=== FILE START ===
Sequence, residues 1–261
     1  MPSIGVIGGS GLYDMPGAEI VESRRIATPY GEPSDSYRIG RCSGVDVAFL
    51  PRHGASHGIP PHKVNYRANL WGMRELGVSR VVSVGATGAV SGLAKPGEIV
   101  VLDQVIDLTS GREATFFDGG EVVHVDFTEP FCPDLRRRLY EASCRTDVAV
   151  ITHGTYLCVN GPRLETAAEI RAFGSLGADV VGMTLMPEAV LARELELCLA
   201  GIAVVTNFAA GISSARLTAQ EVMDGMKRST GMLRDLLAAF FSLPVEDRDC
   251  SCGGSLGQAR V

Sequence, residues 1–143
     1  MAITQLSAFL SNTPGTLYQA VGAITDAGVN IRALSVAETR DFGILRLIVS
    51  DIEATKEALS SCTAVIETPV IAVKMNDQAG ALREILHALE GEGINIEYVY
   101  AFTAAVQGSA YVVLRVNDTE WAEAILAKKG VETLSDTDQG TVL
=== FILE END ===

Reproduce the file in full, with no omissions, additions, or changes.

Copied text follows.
Sequence, residues 1–261
     1  MPSIGVIGGS GLYDMPGAEI VESRRIATPY GEPSDSYRIG RCSGVDVAFL
    51  PRHGASHGIP PHKVNYRANL WGMRELGVSR VVSVGATGAV SGLAKPGEIV
   101  VLDQVIDLTS GREATFFDGG EVVHVDFTEP FCPDLRRRLY EASCRTDVAV
   151  ITHGTYLCVN GPRLETAAEI RAFGSLGADV VGMTLMPEAV LARELELCLA
   201  GIAVVTNFAA GISSARLTAQ EVMDGMKRST GMLRDLLAAF FSLPVEDRDC
   251  SCGGSLGQAR V

Sequence, residues 1–143
     1  MAITQLSAFL SNTPGTLYQA VGAITDAGVN IRALSVAETR DFGILRLIVS
    51  DIEATKEALS SCTAVIETPV IAVKMNDQAG ALREILHALE GEGINIEYVY
   101  AFTAAVQGSA YVVLRVNDTE WAEAILAKKG VETLSDTDQG TVL